Sci + Tech, Social Impact

Economic Inequity and the Possibility of Collapse

Based partly on funding from NASA but incorporating independently conducted research, a paper has been published in the journal Ecological Economics by applied mathematician Safa Motesharrei of the National Socio-Environmental Synthesis Center, modeling the role of unsustainable resource exploitation and increasingly unequal wealth distribution in civilizational collapse scenarios.

Utilizing their HANDY (Human and Nature DYnamics) model, built on the classical predator-prey model, Motesharrei and his co-authors outline several possibilities for societies with varying levels of cooperation and sharing between Elite (wealthy) and Commoner (poor) populations. These include Egalitarian societies (without Elites), Equitable societies, and Unequal societies, with the third group of societies most closely resembling our own current civilization.

Their conclusion is that:

Under such conditions, we find that collapse is difficult to avoid, which helps to explain why economic stratification is one of the elements recurrently found in past collapsed societies. Importantly, in the first of these unequal society scenarios, the solution appears to be on a sustainable path for quite a long time, but even using an optimal depletion rate and starting with a very small number of Elites, the Elites eventually consume too much, resulting in a famine among Commoners that eventually causes the collapse of society.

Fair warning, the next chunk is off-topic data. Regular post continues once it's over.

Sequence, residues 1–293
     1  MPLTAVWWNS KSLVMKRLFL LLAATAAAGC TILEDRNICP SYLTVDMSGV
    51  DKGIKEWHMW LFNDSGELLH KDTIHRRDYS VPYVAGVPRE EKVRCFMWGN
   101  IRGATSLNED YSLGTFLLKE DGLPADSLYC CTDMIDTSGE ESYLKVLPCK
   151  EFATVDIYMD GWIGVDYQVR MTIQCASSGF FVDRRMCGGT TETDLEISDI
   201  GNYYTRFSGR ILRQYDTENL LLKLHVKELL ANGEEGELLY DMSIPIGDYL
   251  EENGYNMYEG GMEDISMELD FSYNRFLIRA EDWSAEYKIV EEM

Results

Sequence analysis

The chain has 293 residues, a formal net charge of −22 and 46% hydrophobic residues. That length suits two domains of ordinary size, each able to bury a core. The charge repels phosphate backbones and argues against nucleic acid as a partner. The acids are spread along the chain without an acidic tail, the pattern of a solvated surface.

And that:

…in the context of economic stratification, inequality must be greatly reduced and population growth must be maintained below critical levels in order to avoid a societal collapse…

…Given economic stratification, collapse is very difficult to avoid and requires major policy changes, including major reductions in inequality and population growth rates. Even in the absence of economic stratification, collapse can still occur if depletion per capita is too high. However, collapse can be avoided and population can reach equilibrium if the per capita rate of depletion of nature is reduced to a sustainable level, and if resources are distributed in a reasonably equitable fashion.

Read more: Ecological Economics, The Guardian